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Majdanek Concentration Camp

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  • Bertha Cohn (1884 - 1942)
  • Dr. Ernst Emanuel Bachrich (1892 - 1942)
    Dokumentationsarchiv des österreichischen Widerstandes First Name Ernst Last Name Bachrich Date of Birth 30.05.1892 Place of Birth Wien Residence Wien 2, Konradgasse 1/9 Date of de...
  • Cilly Hahn (1900 - 1943)
  • Paul Kubie (1909 - 1942)
    Dokumentationsarchiv des österreichischen Widerstandes First Name Paul Last Name Kubie Date of Birth 13.02.1909 Place of Birth Wien Residence Wien 13, Meytensgasse 36 Date of death...
  • Leo Grossmann (1908 - 1942)
    Dokumentationsarchiv des österreichischen Widerstandes First Name Leo Last Name Grossmann Date of Birth 29.09.1908 Place of Birth Wien Residence Wien 2, Fugbachgasse 10 Date of dea...

Majdanek Concentration Camp was a German Nazi concentration camp on the outskirts of Lublin, Poland, established during the German Nazi occupation of Poland. The camp operated from October 1, 1941 until July 22, 1944, when it was captured nearly intact by the advancing Soviet Red Army. Although conceived as a forced labor camp and not as an extermination camp, over 79,000 people died there (59,000 of them Polish Jews) during the 34 months of its operation.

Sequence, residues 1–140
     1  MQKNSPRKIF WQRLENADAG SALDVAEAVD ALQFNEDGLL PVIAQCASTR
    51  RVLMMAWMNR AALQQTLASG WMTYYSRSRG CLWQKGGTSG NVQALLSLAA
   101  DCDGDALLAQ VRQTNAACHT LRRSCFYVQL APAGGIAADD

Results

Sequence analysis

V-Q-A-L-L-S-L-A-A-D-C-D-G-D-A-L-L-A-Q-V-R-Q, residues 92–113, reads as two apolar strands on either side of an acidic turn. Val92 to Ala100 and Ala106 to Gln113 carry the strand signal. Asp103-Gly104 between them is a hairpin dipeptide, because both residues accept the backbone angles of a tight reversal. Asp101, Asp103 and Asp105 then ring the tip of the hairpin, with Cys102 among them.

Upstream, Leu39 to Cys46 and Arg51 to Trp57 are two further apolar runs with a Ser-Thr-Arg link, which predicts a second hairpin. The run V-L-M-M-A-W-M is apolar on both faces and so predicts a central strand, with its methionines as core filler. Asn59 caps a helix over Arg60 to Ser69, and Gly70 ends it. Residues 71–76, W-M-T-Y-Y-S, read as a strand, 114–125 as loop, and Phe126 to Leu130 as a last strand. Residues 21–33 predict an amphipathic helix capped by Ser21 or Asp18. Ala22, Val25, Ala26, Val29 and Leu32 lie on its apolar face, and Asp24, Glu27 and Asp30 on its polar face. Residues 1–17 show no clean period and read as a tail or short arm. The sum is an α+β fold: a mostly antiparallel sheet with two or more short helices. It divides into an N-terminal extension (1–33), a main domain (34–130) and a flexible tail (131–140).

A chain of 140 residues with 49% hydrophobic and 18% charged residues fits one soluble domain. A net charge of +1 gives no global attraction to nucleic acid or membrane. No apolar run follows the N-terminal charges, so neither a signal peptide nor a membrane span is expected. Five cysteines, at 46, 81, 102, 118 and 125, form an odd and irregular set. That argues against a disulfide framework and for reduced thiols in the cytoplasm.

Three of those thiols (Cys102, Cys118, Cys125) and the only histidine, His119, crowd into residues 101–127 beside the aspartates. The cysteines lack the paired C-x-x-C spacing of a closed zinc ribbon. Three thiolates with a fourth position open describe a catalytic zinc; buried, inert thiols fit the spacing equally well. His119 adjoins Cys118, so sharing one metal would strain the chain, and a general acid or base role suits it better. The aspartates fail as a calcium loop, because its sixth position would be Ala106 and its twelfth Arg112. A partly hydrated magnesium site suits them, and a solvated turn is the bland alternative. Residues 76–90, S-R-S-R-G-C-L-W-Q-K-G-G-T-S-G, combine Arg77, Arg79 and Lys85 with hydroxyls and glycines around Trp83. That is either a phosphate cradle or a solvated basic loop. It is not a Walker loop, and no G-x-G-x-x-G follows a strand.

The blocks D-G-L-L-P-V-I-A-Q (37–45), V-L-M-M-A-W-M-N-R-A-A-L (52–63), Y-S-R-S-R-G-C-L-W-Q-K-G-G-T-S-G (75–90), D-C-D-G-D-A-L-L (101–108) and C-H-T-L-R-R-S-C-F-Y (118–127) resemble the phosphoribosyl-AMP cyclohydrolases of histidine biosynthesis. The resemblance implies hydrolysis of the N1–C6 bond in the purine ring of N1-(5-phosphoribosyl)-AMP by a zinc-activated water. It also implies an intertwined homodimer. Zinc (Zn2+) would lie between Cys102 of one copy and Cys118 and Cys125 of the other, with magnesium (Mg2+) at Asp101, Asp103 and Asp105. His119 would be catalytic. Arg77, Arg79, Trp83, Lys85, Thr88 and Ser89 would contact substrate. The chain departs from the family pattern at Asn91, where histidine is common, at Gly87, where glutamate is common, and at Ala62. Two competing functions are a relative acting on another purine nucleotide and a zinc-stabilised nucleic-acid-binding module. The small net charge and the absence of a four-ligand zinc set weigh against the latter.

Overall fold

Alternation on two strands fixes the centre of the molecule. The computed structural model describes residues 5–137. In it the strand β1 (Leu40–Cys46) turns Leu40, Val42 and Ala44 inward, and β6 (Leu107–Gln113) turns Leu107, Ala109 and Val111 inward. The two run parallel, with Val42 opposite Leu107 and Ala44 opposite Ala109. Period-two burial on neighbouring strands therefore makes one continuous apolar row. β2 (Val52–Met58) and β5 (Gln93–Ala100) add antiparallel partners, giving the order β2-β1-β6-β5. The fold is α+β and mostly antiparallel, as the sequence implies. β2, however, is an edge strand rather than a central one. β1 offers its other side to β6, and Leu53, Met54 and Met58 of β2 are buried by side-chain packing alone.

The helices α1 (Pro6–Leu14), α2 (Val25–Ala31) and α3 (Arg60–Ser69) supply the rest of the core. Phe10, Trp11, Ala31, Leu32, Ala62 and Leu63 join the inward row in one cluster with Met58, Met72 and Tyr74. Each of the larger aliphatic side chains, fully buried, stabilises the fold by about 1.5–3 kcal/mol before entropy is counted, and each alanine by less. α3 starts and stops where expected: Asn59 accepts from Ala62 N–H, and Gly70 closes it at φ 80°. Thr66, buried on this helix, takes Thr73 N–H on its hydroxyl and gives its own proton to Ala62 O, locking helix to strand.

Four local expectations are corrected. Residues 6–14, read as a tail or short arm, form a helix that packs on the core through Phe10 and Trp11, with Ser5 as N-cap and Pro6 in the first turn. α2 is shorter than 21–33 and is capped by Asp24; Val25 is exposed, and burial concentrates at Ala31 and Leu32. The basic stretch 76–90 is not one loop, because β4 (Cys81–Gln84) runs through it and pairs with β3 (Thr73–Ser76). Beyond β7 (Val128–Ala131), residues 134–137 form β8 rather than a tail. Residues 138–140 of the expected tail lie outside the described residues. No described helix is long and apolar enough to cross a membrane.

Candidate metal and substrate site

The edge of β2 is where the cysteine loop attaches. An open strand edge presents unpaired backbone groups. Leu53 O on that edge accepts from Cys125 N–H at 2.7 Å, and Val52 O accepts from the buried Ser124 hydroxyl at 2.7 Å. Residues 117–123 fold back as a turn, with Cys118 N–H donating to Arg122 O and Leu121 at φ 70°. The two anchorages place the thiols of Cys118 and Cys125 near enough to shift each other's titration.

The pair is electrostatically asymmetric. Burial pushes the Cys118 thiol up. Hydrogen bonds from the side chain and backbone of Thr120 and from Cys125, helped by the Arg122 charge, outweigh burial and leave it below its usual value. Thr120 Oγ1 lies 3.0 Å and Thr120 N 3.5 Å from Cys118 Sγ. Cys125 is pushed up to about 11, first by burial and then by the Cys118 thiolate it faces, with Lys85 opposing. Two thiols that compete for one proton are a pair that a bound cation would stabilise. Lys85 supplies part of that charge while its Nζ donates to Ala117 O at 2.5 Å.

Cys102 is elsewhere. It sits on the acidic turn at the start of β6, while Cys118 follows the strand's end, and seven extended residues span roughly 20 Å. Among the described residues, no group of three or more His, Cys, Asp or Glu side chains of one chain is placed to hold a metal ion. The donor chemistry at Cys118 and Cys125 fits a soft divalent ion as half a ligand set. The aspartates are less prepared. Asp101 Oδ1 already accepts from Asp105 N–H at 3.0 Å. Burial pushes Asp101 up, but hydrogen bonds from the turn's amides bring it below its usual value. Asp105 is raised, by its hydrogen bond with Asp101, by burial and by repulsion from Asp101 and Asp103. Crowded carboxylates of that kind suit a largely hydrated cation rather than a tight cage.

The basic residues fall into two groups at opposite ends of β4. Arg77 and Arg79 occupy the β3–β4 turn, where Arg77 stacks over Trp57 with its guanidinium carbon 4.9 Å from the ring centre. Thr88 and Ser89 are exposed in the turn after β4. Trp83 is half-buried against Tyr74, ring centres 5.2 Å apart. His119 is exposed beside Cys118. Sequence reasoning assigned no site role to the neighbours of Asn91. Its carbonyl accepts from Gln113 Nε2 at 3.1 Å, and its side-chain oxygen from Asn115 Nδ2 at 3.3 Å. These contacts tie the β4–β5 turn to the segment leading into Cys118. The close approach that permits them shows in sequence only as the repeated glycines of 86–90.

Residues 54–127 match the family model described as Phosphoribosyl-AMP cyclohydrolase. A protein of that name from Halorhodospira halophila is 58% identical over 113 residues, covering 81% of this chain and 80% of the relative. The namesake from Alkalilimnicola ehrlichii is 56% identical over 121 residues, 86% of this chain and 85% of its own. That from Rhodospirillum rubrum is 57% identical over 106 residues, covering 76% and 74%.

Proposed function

The name 'Majdanek' ("little Majdan") derives from the nearby Majdan Tatarski ("Tatar Maidan") district of Lublin, and was given to the camp in 1941 by the locals, who were aware of its existence. In Nazi documents, and for reasons related to its funding, Majdanek was initially "Prisoner of War Camp of the Waffen-SS in Lublin". It was renamed "Konzentrationslager Lublin" (Concentration Camp Lublin) in February 1943.

Among German Nazi concentration camps, Majdanek was unusual in that it was located near a major city, not hidden away at a remote rural location.

It is also notable as the best-preserved concentration camp of the Holocaust - there had been too little time for the Nazis to destroy the evidence before the Red Army arrived.

El Moley Rachamim Holocaust Prayer